While the blade is not quite a true Scandinavian grind because it has a small secondary bevel, it still carves like a Scandi grind. The Fieldcraft Folder excels at notching wood and other common bushcraft tasks. It’s made to use in all conditions with its grippy (even when wet) micarta scales. If you enjoy practicing friction fire skills you’ll make good use of the bow drill divot in the handle. The divot works well, but would be even better if it included a metal insert to lower friction and prolong the life of the scales. Bushcraft is totally dominated by fixed blade knives, but if you want a folding knife that has serious bushcraft chops, the Fieldcraft Folder should be at the top of your list. Aside from heavy batoning, this knife will handle your bushcraft needs without dangling off your belt. 

Best Folding Knife for Hiking: Benchmade Bugout

Benchmade

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Key Features

  • Made in the U.S.
  • 3.24 inch CPM S30V drop point blade
  • 1.85 ounces 
  • AXIS lock
  • Grivory handle material

Why It Made the Cut

When you’re on the trail, ounces equal pounds, pounds equal pain. The Bugout is a featherweight at 1.85 ounces, but it doesn’t compromise on capability.

Pros

  • Lightweight, yet strong
  • Easy to carry in your pocket
  • Lifetime and LifeSharp warranty
  • Blue scales are easy to spot if dropped
  • Mini deep carry pocket clip helps prevent snags on brush

Cons

  • Thin and somewhat flexible handle scales
A silver and blue best folding knife in a rock with a mountain in the background
The blade shape is ideal for many hiking and camping uses, like food prep. Drew Conover

Product Description

The Benchmade Bugout has been with me on quite a few hikes and backpacking trips. Even with pants and shorts made of thin material, the Bugout won’t weigh down your pocket. Its slim profile allows access to whatever else is in your pocket, but once you open the knife up, you have plenty of blade length. Although there is some flex in the handle scales, you can apply a lot of pressure on this knife and it won’t break. The handle flex is not serious and handles don’t stay bent. The blade shape lends itself well to food prep on the trail, carving tent pegs, or taking care of splinters or blisters. The S30V blade holds an edge and is relatively easy to sharpen, not that you should have to need to do so on the trail. Weight is always a consideration on the trail, and the Bugout hits the perfect balance between counting ounces and not giving up capability. Add in a great warranty and free sharpening from Benchmade for life, and the Bugout seems an easy win for the best folding knife for hiking.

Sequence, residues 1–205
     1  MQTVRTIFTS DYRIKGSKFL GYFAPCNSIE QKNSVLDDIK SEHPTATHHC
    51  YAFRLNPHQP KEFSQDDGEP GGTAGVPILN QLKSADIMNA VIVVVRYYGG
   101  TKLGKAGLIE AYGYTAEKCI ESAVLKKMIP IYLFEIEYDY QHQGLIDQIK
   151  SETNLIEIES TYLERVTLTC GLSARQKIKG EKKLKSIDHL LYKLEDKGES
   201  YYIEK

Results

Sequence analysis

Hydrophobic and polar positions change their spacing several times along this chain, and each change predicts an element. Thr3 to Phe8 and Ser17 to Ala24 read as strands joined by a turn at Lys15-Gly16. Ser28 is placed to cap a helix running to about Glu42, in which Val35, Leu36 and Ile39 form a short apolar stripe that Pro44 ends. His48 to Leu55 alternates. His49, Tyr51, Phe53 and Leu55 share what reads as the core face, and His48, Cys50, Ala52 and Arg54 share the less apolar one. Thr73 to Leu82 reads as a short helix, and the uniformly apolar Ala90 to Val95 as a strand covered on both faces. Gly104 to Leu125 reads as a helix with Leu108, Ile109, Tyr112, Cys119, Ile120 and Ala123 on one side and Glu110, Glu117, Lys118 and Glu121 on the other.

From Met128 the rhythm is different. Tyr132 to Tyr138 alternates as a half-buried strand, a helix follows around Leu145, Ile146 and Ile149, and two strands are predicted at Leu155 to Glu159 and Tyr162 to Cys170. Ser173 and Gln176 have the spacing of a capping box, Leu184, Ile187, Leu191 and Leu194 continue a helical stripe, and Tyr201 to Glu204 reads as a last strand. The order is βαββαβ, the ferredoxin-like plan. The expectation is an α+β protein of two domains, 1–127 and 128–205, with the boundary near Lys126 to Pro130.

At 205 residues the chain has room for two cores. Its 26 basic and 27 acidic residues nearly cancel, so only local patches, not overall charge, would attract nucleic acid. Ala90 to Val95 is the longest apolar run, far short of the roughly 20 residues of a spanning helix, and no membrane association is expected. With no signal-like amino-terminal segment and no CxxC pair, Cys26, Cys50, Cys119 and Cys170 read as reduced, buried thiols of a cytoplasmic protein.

Best Folding Knife for Hunting: Buck 110 Slim Pro TRX

Buck Knives

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Key Features

  • Made in the U.S.
  • 3.75 inch S30V clip point blade
  • 3.3 ounces
  • New Torx Screw Construction
  • Lockback lock

Why It Made the Cut

The original Buck 110 is a classic, well-loved hunting knife, and the 110 Slim Pro TRX takes an already solid hunting knife and upgrades everything about it. 

Pros

  • Reversible pocket clip
  • Much lighter than the original
  • Durable materials
  • Thumb studs for one-handed opening
  • Thinner profile for easier carry

Cons

  • Requires two hands to close

Product Description

I like the looks and nostalgia of old-school folding knives like the original 110 and various slip joint knives, but I value function over form at the end of the day. That has led me to mostly use modern folders with easier opening, convenient pocket clips, and higher-end materials. So, when I saw Buck had modernized the venerable 110, I was pretty excited. 

The 110 Slim Pro TRX  got a big upgrade in blade steel, as well as modern features like thumb studs on the blade to aid one-handed opening and a new torx screw construction instead of old school rivets. The 110 Slim Pro TRX also went on a serious diet and lost weight and girth making it easier to carry and, in my opinion, feels better in hand. You’ll also have a better grip with the  G10 handles on the 110 Slim Pro TRX, which are much better for resisting the elements. The Buck 110 Slim Pro TRX retains the same blade and handle shape as the original, but gets the modern upgrades that it deserves. Classic shapes meet modern materials and conveniences to produce the best folding knife for hunting. 

Best Folding Knife for Fishing: Spyderco Salt 2

Spyder Co

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Key Features

  • Made in Japan
  • 3-inch Sheepsfoot Blade
  • 2.1 ounces
  • FRN handle scales
  • Rustproof H1 steel

Why It Made the Cut

The Spyderco Salt 2 makes use of H1 blade steel, which is rustproof even in saltwater conditions. Normal stainless steels just stain less than carbon steel, but H1 does not stain at all. 

Pros

  • Sheepsfoot blade is less likely to stab you when the boat is rocking or if you slip
  • Lightweight and easy to carry in four positions
  • High traction FRN scales prevent slipping